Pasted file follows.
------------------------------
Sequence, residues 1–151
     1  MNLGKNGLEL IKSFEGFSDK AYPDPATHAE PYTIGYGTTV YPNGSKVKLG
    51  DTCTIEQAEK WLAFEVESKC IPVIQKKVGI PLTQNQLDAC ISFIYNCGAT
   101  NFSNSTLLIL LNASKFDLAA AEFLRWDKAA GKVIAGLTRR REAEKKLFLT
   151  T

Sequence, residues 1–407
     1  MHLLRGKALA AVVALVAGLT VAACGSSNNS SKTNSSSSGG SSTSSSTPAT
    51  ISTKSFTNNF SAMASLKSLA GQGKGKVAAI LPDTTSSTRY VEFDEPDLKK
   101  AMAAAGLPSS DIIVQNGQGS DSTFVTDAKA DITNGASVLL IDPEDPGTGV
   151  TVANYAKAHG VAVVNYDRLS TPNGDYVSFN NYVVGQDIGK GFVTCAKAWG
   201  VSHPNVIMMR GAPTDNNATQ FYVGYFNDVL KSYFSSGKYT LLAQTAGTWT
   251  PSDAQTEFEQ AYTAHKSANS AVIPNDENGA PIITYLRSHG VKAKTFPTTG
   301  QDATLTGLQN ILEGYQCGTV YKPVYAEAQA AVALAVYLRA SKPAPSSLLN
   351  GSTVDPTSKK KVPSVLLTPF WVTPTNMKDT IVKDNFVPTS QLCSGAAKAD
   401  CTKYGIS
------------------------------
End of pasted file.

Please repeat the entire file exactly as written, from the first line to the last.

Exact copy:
Sequence, residues 1–151
     1  MNLGKNGLEL IKSFEGFSDK AYPDPATHAE PYTIGYGTTV YPNGSKVKLG
    51  DTCTIEQAEK WLAFEVESKC IPVIQKKVGI PLTQNQLDAC ISFIYNCGAT
   101  NFSNSTLLIL LNASKFDLAA AEFLRWDKAA GKVIAGLTRR REAEKKLFLT
   151  T

Sequence, residues 1–407
     1  MHLLRGKALA AVVALVAGLT VAACGSSNNS SKTNSSSSGG SSTSSSTPAT
    51  ISTKSFTNNF SAMASLKSLA GQGKGKVAAI LPDTTSSTRY VEFDEPDLKK
   101  AMAAAGLPSS DIIVQNGQGS DSTFVTDAKA DITNGASVLL IDPEDPGTGV
   151  TVANYAKAHG VAVVNYDRLS TPNGDYVSFN NYVVGQDIGK GFVTCAKAWG
   201  VSHPNVIMMR GAPTDNNATQ FYVGYFNDVL KSYFSSGKYT LLAQTAGTWT
   251  PSDAQTEFEQ AYTAHKSANS AVIPNDENGA PIITYLRSHG VKAKTFPTTG
   301  QDATLTGLQN ILEGYQCGTV YKPVYAEAQA AVALAVYLRA SKPAPSSLLN
   351  GSTVDPTSKK KVPSVLLTPF WVTPTNMKDT IVKDNFVPTS QLCSGAAKAD
   401  CTKYGIS